Alaska’s seven other national parks include some with no roads or visitor facilities.
Gates of the Arctic
America’s northernmost and least-visited national park is second only in size to Wrangell–St. Elias. It’s one for the truly intrepid.
Eleven tidewater glaciers spill out of the mountains and fill the sea with icebergs of all shapes and shades of blue. It’s also known as a whalewatching spot.
A pricey, fly-in experience, Katmai is nevertheless treasured for its salmonfishing brown bears and post-volcanic Valley of Ten Thousand Smokes.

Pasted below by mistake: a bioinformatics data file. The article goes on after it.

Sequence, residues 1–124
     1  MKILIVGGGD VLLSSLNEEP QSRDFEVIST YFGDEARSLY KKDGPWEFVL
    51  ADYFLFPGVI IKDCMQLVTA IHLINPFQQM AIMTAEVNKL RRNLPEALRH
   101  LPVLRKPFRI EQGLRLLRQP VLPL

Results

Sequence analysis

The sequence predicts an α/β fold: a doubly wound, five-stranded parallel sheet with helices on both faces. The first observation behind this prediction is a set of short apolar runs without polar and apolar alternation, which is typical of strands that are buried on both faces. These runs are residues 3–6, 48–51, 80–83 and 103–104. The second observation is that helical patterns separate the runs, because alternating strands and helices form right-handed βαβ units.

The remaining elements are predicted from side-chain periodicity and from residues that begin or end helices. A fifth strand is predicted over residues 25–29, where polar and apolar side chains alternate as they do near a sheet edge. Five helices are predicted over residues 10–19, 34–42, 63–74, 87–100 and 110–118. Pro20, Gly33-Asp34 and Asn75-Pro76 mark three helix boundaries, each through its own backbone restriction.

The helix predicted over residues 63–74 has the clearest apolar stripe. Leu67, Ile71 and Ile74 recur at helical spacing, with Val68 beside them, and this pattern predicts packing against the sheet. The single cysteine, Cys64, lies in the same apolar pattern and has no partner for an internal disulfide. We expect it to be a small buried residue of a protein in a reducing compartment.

This park’s namesake fjords have been carved by glaciers pouring down from the massive Harding Ice Field. Exit Glacier is road-accessible.
This desolate area is known for Arctic sand dunes and migrating caribou.
Only 100 miles from Anchorage, this spectacular and largely untrodden Alaska-inminiature is centered around 42-mile-long, ice-blue Lake Clark.
As large as Yellowstone, Yosemite and Switzerland combined, America’s largest national park covers more than 20,000 square miles of brawny, ice-encrusted mountains.